From college students to government officials, commuters have begun to feel the impact of the hike in Delhi Metro fare, with some saying they were planning to switch to car-pooling on a long-term basis.
Aroma Bhargava, 19, a Delhi University student, is not happy with the increase in fare, which came into effect today.
"My college is in Chanakyapuri. I travel from Moolchand to Race Course, traversing through Violet and Yellow lines. When I heard about the hike, my immediate reaction was like - 'I am now switching to app-based cabs'," she said.
Being a student, Bhargava said, she does not have "much of a budget". "So I will carpool more," she told PTI.
Manaswini, 19, who goes to Gargi College in south Delhi, suggested that the DMRC issue special student travel cards as done by the Delhi Transport Corporation (DTC).
The Delhi Metro increased fare for travel beyond five kilometres. The new fare structure translates into varied increase for metro traveller es in Delhi-NCR.
The hike is most likely to hit the poor and the lower middle class, especially those commuting daily to Delhi from the National Capital Region, such as Gurgaon, Faridabad, Noida and Ghaziabad.
Fifty-year-old Sunil Bhatia, a Gurgaon resident, works at a government institution near Patel Chowk Metro Station in Delhi, from where he takes the train on his way back home.
Laboriously moving towards the queue at the entry gate at the metro station, Bhatia said he has travelled on the Delhi Metro ever since it extended to the Millennium City.
"The inflation has hit the common man, and now this hike in fare will pinch our pockets further," rued Bhatia.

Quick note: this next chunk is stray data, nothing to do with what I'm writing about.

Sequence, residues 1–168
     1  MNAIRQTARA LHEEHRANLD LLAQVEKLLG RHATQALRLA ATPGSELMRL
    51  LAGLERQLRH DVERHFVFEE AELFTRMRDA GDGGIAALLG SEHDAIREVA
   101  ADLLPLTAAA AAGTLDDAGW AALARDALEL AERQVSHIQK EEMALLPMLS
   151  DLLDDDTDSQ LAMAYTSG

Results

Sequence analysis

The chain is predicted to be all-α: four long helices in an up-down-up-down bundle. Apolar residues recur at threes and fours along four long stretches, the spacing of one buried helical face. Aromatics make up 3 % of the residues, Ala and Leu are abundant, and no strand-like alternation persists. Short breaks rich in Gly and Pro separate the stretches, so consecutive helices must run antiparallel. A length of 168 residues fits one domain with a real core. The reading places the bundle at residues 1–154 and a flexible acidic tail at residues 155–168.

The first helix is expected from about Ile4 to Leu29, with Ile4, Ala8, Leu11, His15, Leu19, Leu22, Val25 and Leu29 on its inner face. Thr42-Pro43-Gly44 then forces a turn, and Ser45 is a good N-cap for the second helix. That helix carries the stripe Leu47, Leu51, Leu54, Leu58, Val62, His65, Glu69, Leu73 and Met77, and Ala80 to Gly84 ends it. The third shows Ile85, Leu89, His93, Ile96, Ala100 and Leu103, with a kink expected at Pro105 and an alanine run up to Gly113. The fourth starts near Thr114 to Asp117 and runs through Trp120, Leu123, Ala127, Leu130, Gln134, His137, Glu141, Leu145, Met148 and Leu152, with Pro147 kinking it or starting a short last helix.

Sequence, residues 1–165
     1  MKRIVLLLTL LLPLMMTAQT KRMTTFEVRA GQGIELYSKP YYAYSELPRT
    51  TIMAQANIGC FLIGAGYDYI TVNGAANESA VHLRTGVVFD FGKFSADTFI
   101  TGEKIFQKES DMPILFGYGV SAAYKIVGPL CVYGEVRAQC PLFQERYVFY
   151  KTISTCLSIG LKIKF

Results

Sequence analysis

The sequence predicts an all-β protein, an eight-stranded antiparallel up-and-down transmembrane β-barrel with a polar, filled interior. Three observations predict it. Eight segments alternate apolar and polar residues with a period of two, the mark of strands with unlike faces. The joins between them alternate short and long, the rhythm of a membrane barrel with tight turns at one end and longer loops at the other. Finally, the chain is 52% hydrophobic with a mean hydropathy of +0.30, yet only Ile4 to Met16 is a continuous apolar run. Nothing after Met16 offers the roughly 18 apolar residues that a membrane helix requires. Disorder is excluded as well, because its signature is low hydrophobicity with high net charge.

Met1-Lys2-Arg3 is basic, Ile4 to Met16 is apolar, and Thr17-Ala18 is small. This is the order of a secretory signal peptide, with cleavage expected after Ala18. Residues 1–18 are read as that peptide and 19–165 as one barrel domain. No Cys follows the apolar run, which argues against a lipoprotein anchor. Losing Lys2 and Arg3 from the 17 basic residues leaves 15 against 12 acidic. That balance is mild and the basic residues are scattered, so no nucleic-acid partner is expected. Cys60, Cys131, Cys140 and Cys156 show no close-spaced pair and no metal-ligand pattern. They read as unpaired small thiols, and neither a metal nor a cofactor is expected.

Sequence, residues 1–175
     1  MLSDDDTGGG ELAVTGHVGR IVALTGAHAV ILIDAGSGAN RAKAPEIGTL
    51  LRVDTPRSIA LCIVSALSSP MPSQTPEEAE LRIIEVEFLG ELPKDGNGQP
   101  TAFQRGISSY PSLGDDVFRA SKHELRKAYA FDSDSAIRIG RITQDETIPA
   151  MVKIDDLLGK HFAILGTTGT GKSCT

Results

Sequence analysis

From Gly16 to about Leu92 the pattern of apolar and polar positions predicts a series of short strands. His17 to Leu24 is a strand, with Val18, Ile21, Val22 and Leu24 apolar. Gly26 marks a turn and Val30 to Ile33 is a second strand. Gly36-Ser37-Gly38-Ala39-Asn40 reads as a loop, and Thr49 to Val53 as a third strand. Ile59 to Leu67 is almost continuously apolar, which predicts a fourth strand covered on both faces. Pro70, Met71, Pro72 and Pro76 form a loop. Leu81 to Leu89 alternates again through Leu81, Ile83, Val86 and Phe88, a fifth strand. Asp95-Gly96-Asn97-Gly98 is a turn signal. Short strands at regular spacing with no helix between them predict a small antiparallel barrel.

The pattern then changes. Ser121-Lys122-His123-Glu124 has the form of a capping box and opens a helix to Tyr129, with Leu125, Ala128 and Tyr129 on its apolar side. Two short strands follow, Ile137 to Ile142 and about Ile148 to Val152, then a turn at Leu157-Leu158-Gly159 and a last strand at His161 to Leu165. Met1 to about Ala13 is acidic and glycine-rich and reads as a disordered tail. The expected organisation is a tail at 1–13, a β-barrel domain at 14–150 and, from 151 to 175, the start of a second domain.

The Delhi Metro Rail Corporation has defended the fare hike, saying it was needed to "maintain a world-class service".
One of the best mass rapid transit systems in the world, the Delhi Metro is known for its efficient services and cleanliness.
Balbir Singh, 48, a senior official at a PSU bank on the Parliament Street, does not agree with Delhi Metro's defence to hike the fare. He said: "What good is a world-class service if the common man finds it unfordable."
"I have a decent job, so I will somehow manage by cutting my other expenditures. What about the poor, the labourers, the masons, the carpenters and roadside vendors, who come to Delhi to earn a livelihood.
"They will now switch to other public transport - like buses. The chartered buses plying from NCR to Delhi are likely to raise their fare too. So, for them, it is a double whammy," he said.
Singh, who settled in Delhi four years ago, said an "open debate" should have been held to take into account the views of various stakeholders and the general public.
But not everyone is unhappy with the fare hike.
Sudhir Kumar, an auto-rickshaw driver, feels more commuters were likely to take his services in the days to come.
Nisha, who daily takes metro from home to workplace and back, asked, "What is in it (hike) for us? We are paying more so would that mean, more frequent services or more comfort?"
The revised fare structure of the Delhi Metro is: travel up to 2 km - Rs 10; 2 to 5 km - Rs 20; 5 to 12 km - Rs 30; 12 to 21 km - Rs 40; 21 to 32 km - Rs 50; and for journeys beyond 32 km - Rs 60 would be charged by the corporation.
Metro smart card users, who account for 70 per cent of its ridership, will continue to get 10 per cent discount on each ride, besides additional discount of 10 per cent while travelling during off-peak hours.
(This story has not been edited by Business Standard staff and is auto-generated from a syndicated feed.)